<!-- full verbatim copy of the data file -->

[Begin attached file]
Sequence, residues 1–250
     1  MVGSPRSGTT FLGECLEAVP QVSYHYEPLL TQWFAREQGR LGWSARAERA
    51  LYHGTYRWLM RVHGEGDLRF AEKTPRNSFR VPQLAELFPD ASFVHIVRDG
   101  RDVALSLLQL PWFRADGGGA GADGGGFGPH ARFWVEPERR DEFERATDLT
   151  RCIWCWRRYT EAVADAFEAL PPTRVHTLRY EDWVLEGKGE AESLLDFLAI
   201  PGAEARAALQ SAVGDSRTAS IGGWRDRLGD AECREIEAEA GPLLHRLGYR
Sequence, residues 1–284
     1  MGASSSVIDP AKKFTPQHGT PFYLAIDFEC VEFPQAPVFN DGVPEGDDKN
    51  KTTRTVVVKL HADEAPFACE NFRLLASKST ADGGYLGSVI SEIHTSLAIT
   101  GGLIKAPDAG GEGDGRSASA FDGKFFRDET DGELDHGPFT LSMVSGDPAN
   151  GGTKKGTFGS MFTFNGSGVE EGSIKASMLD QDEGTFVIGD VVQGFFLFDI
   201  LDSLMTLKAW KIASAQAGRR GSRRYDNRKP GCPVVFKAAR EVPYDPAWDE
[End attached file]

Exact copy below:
Sequence, residues 1–250
     1  MVGSPRSGTT FLGECLEAVP QVSYHYEPLL TQWFAREQGR LGWSARAERA
    51  LYHGTYRWLM RVHGEGDLRF AEKTPRNSFR VPQLAELFPD ASFVHIVRDG
   101  RDVALSLLQL PWFRADGGGA GADGGGFGPH ARFWVEPERR DEFERATDLT
   151  RCIWCWRRYT EAVADAFEAL PPTRVHTLRY EDWVLEGKGE AESLLDFLAI
   201  PGAEARAALQ SAVGDSRTAS IGGWRDRLGD AECREIEAEA GPLLHRLGYR
Sequence, residues 1–284
     1  MGASSSVIDP AKKFTPQHGT PFYLAIDFEC VEFPQAPVFN DGVPEGDDKN
    51  KTTRTVVVKL HADEAPFACE NFRLLASKST ADGGYLGSVI SEIHTSLAIT
   101  GGLIKAPDAG GEGDGRSASA FDGKFFRDET DGELDHGPFT LSMVSGDPAN
   151  GGTKKGTFGS MFTFNGSGVE EGSIKASMLD QDEGTFVIGD VVQGFFLFDI
   201  LDSLMTLKAW KIASAQAGRR GSRRYDNRKP GCPVVFKAAR EVPYDPAWDE